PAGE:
Jenni Button

5 Stars

October 6, 2017

                Convicted is a story that hits close to home. I am from Southwest Michigan , in the neighboring town of Saint Joe, which is mostly white. It was so interesting for me to read Jameel's perspective, who grew up in the neighboring town of Benton Harbor, which is mostly black. His life in Benton Harbor was a fight for survival (85). I found myself unable to put this book down as I processed the events of what happened from both sides of the story (a rarity in cases like this) and went through the many emotions attached to the story.

                This is a story of anger, forgiveness, and an unlikely friendship. Jameel and his brother "ended up in some of the worst foster-care families in the world because [their] home life was so bad growing up.... Most of the misery [Jameel] lived through as a little kid came from [his] parents'  addictions. [Jameel] hated drugs" (82). When Jameel was convicted for selling drugs, readers can just imagine the amount of anger he had towards the cop who putting him away in prison. However, Jameel "was tired of being alone" and eventually he "had to keep making an effort to connect with people every day" (109).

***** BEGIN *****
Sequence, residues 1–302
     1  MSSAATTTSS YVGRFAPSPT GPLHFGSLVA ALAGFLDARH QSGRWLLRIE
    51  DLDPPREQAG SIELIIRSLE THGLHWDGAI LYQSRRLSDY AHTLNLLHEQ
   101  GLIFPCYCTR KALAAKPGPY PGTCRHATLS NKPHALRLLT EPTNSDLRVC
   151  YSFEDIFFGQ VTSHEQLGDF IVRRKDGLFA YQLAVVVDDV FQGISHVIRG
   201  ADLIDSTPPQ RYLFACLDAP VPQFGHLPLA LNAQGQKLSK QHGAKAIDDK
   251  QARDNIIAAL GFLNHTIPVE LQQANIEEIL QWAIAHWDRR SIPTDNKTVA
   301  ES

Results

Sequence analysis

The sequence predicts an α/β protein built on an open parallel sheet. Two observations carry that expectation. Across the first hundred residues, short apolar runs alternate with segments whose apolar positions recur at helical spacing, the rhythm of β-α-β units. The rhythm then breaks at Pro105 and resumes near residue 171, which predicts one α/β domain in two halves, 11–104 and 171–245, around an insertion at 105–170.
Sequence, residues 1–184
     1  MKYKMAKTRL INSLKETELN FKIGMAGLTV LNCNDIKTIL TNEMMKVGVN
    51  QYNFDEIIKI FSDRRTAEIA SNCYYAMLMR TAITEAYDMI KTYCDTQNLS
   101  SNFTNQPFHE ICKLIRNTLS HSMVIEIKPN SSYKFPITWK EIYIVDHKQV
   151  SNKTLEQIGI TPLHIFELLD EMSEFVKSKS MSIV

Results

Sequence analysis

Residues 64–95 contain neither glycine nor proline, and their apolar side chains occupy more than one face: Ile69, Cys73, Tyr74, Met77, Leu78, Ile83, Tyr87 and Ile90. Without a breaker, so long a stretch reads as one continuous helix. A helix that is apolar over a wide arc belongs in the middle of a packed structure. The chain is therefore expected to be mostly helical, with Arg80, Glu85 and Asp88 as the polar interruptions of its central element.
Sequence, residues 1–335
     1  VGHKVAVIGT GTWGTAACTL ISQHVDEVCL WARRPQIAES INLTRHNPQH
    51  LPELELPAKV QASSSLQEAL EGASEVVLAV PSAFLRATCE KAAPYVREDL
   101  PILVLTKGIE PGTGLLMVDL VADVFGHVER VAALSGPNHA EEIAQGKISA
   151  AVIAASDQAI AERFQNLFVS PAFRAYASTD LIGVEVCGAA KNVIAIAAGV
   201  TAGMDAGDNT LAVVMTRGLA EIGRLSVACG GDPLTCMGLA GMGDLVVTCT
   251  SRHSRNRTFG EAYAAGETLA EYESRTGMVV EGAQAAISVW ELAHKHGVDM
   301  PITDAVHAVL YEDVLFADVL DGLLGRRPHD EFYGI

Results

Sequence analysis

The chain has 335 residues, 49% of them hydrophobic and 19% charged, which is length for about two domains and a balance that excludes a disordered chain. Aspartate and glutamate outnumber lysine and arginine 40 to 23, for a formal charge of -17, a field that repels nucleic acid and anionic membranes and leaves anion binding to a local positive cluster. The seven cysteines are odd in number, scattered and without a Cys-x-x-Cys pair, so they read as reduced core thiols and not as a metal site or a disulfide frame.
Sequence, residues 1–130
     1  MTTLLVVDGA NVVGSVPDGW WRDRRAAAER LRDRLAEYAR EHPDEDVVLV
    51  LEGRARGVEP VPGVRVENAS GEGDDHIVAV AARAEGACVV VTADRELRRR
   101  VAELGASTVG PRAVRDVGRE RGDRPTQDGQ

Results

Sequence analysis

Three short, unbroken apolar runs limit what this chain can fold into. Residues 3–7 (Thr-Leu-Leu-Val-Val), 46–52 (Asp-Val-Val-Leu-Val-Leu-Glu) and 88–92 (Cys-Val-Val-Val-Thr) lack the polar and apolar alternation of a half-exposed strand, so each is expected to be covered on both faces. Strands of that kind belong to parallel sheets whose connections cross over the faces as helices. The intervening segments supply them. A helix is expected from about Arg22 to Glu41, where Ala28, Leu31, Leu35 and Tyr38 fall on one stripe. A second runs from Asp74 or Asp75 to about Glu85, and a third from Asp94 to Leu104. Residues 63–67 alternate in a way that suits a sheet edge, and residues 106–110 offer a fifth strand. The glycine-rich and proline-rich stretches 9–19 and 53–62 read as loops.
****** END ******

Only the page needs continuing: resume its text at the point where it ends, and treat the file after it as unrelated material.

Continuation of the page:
"Most of the people selling dope in poor communities like Benton Harbor do it because they don't know any different and don't have any other options. The schools are bad. The jobs don't pay a livable wage. And the drug dealers drive the best cars in town. Poor kids see this and figure it's the only way to get ahead" (177). Benton Harbor residents do not trust the police department, and this book shows the pressure of being a cop and the corruption that can happen within the department.

                It did give me a renewed hope that the Church can be an agent of change for our culture in the area of racial reconciliation. I know Brian Bennett and Overflow Church and love what they do for the community of Benton Harbor. It is refreshing, having lived in this area and seen the divisions for so long now to see a place where everyone is welcome. Jameel and Andrew are leading the way in difficult conversations and are true examples of being Christ followers - not only following when it's easy, but following Christ no matter what.